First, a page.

The ROI Of Rendering: Tactics To Improve Trust, Message delivery, And email effectiveness
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CONTENTS

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Table of contents
1 2 Executive Summary The Top Five Email Marketing Challenges

Table of Figures
1 3 4 6 7 8 10 11 12 The Top Five Challenges That Business-To-Consumer Email Marketers Cite The Issues Most Concerning Email Marketers Over The Next 12 Months Email Marketer Adoption Of Delivery And Rendering Remedies The Percentage of Online Revenues Driven By Email Marketing — AEMs And Un-AEMs Email Marketing Conversion Rates — AEMs And Un-AEMs Consumer Image-Rendering Behavior And Email Marketer Content Development Costs Campaign Performance Model — A Comparison Of Monthly Revenues And Profits Based On Email Marketer Type The Top Five Most Important Email Marketer Considerations When Selecting An ESP The Attributes Of Trust

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The ROI Of Rendering: Tactics To Improve Trust, Message delivery, And email effectiveness •1•

executive summary
Email delivery and the issues related to content not rendering continue to challenge marketers and the channel’s effectiveness. A little more than half of business-to-consumer (B2C) promotional marketers cite email deliverability as their top concern, and a quarter cite images not rendering in email as their fifth-biggest challenge (see Figure 1). Online users have yet to embrace the remedies to this problem within their email client — just 45% have added senders to the address book, and far fewer (28%) turn images on in their email client. This study illuminates these challenges and reviews the value and impact of using paid accreditation as a means to optimize mailings. Additionally, this study provides an understanding of content development costs and the tactics to recoup those expenses; it also reviews the attributes that make up trust.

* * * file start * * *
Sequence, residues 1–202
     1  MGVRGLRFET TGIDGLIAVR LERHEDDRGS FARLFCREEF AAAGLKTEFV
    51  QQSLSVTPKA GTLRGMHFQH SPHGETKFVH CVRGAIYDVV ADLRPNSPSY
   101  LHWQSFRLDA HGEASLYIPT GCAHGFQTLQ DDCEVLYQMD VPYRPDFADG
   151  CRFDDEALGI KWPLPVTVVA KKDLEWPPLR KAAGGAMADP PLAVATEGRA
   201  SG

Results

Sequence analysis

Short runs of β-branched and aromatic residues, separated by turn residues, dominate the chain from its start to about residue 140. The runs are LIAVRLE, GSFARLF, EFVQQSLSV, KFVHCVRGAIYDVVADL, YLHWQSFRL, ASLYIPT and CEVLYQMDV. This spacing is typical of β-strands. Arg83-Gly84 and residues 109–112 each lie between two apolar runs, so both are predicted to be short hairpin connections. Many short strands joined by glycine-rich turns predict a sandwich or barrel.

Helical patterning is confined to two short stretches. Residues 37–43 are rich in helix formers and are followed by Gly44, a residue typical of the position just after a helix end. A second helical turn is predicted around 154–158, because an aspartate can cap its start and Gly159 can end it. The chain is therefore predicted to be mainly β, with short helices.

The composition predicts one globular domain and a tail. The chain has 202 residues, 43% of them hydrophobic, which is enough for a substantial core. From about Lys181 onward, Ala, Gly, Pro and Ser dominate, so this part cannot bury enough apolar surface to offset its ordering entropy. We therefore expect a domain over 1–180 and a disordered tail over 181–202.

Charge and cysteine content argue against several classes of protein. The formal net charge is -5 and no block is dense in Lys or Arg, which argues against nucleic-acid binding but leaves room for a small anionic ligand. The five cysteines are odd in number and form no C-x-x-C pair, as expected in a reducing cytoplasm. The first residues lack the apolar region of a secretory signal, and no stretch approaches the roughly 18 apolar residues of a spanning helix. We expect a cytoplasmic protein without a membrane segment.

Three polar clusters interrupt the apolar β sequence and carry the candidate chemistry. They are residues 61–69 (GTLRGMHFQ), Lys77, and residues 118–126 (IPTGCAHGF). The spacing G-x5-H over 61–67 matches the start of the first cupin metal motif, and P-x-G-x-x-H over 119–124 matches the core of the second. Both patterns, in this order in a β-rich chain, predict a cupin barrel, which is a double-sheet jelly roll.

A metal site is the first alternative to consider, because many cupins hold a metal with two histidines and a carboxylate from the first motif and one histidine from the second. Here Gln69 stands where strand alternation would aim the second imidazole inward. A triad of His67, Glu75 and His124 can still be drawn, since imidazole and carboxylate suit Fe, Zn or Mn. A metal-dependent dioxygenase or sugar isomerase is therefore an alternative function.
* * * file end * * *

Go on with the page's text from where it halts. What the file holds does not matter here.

email delivery causes and effects drive The Top Five challenges of Promotional marketers
fig 1 The Top five Challenges That Business-To-Consumer email Marketers Cite

Question asked: What are your greatest challenges when conducting email marketing? (Please select all that apply.) Source: JupiterResearch/E-Rewards Goodmail Email Executive Survey (10/08), n=202 (email marketers, US) Selected Responses – Top Five Businessto-Consumer Marketers © 2008 JupiterResearch, LLC